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The University of Utah's Independent Student Voice

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The Daily Utah Chronicle

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U Health Memo Provides Guidance for Physicians Uncomfortable Issuing Medical Marijuana Recommendations

Courtesy of Public Domain Pictures
Correction: an earlier version of this article stated that the memo issued by U-Health urged providers to delay cannabis recommendations to their patients until guidelines were released, upon clarification from a U-Health spokesperson we have corrected the article to reflect that the memo intended to provide guidance for practitioners who were unsure of how to proceed and not–as previously published–to urge practitioners to delay the process.

Although the Utah Medical Cannabis Act was signed into effect by lawmakers nearly one month ago, patients in the state that might benefit from this type of treatment may still face delays. University of Utah Health and Intermountain Healthcare issued memos advising physicians not to recommend medical marijuana to their patients yet.

The memo released by U-Health stated that many of the requests for medical cannabis recommendations made by patients were “framed as urgent.” The memo, however, urged medical practitioners receiving those requests to advise patients that it would be “a few months” before the institution would be able to provide qualifying patients with recommendations for medical marijuana.

Julie Kiefer, a spokesperson for University of Utah Health, stated that although the institution “began addressing the need for new protocols as soon as the Utah Medical Cannabis Act was passed,” they were still working on creating guidelines to help medical practitioners abide by the law. Kiefer stated that “since cannabis is still illegal under federal law and the infrastructure required by the Utah Medical Cannabis Act is not yet in place, we must first understand the law.”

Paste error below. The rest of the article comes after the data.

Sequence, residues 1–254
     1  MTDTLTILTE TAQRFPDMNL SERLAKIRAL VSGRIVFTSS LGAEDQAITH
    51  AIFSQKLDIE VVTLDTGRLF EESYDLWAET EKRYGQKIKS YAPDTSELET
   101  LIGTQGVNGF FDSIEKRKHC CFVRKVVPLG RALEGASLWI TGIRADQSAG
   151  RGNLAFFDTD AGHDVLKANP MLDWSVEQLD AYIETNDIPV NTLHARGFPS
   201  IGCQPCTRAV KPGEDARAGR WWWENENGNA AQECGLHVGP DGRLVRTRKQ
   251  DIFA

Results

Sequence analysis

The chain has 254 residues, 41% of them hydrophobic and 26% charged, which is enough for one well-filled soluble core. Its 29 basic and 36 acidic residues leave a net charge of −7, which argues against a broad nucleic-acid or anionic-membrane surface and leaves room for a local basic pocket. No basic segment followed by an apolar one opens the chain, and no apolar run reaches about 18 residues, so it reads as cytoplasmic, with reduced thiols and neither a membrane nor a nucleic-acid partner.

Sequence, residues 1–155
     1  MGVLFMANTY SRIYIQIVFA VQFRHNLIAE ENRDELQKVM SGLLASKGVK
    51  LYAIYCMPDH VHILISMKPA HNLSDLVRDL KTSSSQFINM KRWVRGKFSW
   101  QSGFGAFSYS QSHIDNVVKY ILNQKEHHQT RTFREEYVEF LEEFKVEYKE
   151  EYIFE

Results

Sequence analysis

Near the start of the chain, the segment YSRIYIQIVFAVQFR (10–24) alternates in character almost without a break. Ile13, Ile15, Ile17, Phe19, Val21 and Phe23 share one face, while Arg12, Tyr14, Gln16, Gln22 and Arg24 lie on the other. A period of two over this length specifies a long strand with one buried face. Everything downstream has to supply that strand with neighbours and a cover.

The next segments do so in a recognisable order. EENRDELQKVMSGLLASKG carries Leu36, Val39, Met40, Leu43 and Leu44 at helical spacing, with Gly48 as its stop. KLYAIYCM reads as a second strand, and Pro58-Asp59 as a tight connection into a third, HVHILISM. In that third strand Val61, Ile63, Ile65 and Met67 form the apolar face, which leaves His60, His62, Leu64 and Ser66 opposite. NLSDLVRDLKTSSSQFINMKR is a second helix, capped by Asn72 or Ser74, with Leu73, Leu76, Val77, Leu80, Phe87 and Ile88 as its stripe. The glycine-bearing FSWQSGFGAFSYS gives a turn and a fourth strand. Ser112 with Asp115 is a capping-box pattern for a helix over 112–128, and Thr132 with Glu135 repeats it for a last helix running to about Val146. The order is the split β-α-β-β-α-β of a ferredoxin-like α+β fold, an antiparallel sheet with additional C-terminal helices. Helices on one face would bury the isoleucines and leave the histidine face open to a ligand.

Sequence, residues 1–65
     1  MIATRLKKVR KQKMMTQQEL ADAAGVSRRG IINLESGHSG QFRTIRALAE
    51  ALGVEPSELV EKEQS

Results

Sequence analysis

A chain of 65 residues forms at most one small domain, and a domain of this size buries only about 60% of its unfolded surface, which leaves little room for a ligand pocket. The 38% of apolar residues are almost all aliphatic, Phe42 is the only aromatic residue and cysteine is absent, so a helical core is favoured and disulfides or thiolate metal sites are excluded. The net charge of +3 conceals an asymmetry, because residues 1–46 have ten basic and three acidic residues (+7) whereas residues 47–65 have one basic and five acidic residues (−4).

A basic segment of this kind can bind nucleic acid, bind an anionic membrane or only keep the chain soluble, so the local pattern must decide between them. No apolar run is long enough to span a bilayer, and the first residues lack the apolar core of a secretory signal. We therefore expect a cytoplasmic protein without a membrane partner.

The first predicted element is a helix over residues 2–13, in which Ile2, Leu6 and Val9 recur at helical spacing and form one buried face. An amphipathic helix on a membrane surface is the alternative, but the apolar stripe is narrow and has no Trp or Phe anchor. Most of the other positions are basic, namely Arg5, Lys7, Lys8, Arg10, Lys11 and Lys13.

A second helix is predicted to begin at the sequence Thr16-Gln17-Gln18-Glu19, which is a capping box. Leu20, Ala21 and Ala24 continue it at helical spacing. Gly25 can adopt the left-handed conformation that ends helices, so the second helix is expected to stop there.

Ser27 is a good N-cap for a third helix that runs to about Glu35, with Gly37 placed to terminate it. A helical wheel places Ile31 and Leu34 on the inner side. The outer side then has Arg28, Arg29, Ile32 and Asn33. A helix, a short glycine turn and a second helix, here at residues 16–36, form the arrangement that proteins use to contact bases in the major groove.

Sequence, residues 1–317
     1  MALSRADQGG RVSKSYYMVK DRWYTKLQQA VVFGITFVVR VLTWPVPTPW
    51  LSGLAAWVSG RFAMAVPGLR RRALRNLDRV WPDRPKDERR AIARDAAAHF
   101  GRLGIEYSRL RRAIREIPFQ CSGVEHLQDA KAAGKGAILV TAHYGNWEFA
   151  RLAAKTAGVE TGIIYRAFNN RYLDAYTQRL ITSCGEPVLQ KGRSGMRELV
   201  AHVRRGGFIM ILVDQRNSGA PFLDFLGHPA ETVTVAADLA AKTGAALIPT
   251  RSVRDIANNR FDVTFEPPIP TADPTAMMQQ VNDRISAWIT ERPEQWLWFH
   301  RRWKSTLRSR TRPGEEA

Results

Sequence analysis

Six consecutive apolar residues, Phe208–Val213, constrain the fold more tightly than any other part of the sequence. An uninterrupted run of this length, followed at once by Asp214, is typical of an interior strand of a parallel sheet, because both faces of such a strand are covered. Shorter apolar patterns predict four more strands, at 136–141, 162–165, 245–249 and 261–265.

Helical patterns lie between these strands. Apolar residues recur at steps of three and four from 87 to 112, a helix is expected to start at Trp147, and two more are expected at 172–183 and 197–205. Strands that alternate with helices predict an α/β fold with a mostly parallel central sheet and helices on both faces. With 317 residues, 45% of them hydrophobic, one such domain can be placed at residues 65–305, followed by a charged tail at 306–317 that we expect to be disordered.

Doug Rice is a licensed Utah medic, retired fire captain of United Fire Authority, vice president of the Epilepsy Association of Utah and spokesperson for Utah First Responders for Medical Cannabis. In a written statement to the Chronicle, Rice stated that the group is disappointed by the memo released by Intermountain Healthcare, in particular, because it provides inaccurate information to healthcare providers.

The Intermountain Healthcare memo states that the Medical Cannabis Act “goes into effect in July 2019.” The Utah Cannabis Act, HB 3001, was in fact signed into effect on Dec 3. While it is estimated that distribution of medical marijuana will not be available in Utah until 2020, the Affirmative Defense portion of the act allows patients with medical recommendations to avoid criminalization for possession of marijuana.

Rice criticized the response from one particular U-Health clinic as cited by the Salt Lake Tribune. Chirine Touati, who suffers from multiple sclerosis, requested a recommendation for medical marijuana from her U-Health neurologist and provided the clinic’s response (sent to her via email) to the Tribune. Rice’s criticism was directed to the portion of the email stating “there have been no clinical studies to document the safety or efficacy of [medical marijuana].”